Composition[edit]

The Zostavax vaccine contains live attenuated varicella-zoster virus.[17][23] It is injected subcutaneously (under the skin) in the upper arm.[24] The live vaccine was developed using the MRC-5 line of fetal stem cells.[25] This has raised religious and ethical concerns for some potential users, since that cell line was derived from an aborted fetus.[26]

Shingrix is a suspension for intramuscular injection consisting of a lyophilized recombinant varicella zoster virus (VZV) glycoprotein E (gE) antigen that is reconstituted at the time of use with AS01B suspension as an immunological adjuvant. The antigen is a purified truncated form of the glycoprotein, expressed in Chinese hamster ovary cells. The AS01B adjuvant suspension is composed of 3-O-desacyl-4'- monophosphoryl lipid A (MPL) from Salmonella (Minnesota strain) and a saponin molecule (QS-21) purified from Quillaja saponaria (soap bark tree) extract, combined in a liposomal formulation consisting of dioleoyl phosphatidylcholine (DOPC) and cholesterol in phosphate-buffered saline solution.[27]

Society and culture[edit]

Cost effectiveness[edit]

In Canada the cost of Shingrix is about 300 CAD for the two doses.[16]

A 2007 study found that the live vaccine is likely to be cost-effective in the U.S., projecting an annual savings of $82 to $103 million in healthcare costs with cost-effectiveness ratios ranging from $16,229 to $27,609 per quality-adjusted life year gained.[28] In 2007, the live vaccine was officially recommended in the U.S. for healthy adults aged 60 and over.[29][30]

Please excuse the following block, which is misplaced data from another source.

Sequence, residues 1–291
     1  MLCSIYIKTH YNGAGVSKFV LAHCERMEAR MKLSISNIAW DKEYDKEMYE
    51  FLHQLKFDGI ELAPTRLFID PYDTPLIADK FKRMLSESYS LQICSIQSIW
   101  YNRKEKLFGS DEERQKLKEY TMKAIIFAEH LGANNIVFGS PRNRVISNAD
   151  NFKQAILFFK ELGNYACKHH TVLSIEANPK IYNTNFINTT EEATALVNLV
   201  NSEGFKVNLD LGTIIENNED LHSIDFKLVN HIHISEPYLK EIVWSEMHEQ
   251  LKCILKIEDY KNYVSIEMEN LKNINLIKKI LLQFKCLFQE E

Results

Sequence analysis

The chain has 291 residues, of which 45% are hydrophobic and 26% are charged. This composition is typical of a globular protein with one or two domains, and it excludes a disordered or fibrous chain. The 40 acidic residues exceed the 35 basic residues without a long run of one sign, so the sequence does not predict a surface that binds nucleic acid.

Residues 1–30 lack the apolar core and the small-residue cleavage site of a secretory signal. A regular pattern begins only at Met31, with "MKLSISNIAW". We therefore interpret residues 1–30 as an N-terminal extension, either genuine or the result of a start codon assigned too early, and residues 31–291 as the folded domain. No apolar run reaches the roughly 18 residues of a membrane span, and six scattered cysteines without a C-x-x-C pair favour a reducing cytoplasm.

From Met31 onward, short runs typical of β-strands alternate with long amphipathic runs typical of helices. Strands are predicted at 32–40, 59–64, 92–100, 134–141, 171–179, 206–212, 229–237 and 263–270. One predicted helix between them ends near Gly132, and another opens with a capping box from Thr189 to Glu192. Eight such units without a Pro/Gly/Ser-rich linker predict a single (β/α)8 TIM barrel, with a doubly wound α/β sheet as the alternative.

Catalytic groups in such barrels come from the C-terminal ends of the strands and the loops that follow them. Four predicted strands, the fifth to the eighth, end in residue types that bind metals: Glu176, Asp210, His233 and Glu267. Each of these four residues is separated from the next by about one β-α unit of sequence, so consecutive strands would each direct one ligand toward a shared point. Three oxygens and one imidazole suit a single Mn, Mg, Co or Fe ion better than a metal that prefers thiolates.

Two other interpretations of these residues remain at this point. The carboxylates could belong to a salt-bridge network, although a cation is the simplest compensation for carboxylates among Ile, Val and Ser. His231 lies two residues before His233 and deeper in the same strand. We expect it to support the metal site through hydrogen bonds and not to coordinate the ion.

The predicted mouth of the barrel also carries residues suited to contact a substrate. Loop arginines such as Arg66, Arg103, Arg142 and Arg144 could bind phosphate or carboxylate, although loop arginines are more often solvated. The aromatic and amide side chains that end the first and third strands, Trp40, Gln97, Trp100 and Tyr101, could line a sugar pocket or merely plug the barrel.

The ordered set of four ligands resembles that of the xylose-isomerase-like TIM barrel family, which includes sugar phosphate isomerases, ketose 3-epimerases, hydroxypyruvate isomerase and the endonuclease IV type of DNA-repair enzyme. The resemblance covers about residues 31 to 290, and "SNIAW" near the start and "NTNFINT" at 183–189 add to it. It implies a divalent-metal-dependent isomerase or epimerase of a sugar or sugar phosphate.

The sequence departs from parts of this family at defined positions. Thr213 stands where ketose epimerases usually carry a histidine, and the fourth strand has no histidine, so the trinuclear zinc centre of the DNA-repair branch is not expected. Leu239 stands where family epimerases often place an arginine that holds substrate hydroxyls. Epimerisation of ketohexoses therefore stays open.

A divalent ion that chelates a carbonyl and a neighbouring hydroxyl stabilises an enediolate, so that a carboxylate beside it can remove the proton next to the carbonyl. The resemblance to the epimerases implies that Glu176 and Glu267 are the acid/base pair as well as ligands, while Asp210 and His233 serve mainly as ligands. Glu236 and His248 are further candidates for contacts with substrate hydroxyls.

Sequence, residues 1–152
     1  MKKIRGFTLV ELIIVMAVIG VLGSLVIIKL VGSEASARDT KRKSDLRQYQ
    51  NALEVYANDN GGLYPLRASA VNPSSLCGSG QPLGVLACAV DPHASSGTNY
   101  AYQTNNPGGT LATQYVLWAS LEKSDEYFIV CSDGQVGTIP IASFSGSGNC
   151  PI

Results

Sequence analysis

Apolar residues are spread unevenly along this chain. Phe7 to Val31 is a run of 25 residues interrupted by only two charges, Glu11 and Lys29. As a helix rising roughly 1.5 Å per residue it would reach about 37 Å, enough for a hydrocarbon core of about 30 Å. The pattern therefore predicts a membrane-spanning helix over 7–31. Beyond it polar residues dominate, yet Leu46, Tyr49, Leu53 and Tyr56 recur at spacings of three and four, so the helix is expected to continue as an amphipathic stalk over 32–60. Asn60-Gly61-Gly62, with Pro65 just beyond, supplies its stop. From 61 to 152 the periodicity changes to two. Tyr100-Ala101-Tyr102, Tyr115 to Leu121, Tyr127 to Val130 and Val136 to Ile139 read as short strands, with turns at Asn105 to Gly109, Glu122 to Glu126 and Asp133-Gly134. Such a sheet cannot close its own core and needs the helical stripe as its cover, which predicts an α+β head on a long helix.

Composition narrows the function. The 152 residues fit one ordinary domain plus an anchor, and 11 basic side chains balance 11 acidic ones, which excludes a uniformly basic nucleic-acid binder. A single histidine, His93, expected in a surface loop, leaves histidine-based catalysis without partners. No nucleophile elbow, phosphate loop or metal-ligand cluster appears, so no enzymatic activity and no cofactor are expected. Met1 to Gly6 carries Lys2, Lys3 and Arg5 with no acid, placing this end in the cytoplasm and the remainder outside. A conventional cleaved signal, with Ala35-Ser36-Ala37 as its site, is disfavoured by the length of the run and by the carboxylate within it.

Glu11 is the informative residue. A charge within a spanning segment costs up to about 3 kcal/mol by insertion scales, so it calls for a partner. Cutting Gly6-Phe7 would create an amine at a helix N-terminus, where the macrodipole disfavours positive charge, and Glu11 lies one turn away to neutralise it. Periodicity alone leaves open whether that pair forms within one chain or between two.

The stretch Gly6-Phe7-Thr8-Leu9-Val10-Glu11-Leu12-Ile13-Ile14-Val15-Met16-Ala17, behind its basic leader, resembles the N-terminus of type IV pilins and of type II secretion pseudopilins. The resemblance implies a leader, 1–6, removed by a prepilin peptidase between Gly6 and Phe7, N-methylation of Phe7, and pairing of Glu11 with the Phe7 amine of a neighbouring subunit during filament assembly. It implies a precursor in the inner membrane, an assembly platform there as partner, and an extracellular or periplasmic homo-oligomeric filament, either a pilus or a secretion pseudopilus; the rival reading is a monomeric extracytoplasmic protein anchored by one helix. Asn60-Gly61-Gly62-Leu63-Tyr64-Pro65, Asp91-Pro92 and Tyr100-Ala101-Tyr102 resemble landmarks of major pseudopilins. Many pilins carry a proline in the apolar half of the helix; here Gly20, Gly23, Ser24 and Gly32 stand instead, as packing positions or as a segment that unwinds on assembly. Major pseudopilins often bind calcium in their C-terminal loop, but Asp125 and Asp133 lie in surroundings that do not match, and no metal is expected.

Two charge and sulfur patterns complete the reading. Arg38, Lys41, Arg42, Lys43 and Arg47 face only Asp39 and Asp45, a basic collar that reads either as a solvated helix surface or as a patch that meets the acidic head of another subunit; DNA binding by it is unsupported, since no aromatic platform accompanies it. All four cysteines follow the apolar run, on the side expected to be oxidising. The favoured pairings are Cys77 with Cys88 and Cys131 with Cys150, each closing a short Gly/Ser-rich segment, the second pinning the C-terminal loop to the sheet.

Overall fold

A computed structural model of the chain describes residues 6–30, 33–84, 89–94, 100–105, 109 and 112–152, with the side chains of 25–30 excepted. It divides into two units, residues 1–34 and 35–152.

Approval[edit]

European Union[edit]

In 2006, the European Medicines Agency (EMEA) issued a marketing authorisation for the zoster vaccine to Sanofi Pasteur for routine vaccination in individuals aged 60 and over.[31] In 2007, the EMEA updated the marketing authorisation for routine vaccination in individuals aged 50 and over.[32]

United Kingdom[edit]

From 2013 the UK National Health Service started offering shingles vaccination to elderly people. People aged either 70 or 79 on 1 September 2013 were offered the vaccine. People aged 71 to 78 on that date would only have an opportunity to have the shingles vaccine after reaching the age of 79.[33] The original intention was for people aged between 70 and 79 to be vaccinated, but the NHS later said that the vaccination programme was being staggered as it would be impractical to vaccinate everyone in their 70s in a single year.[34]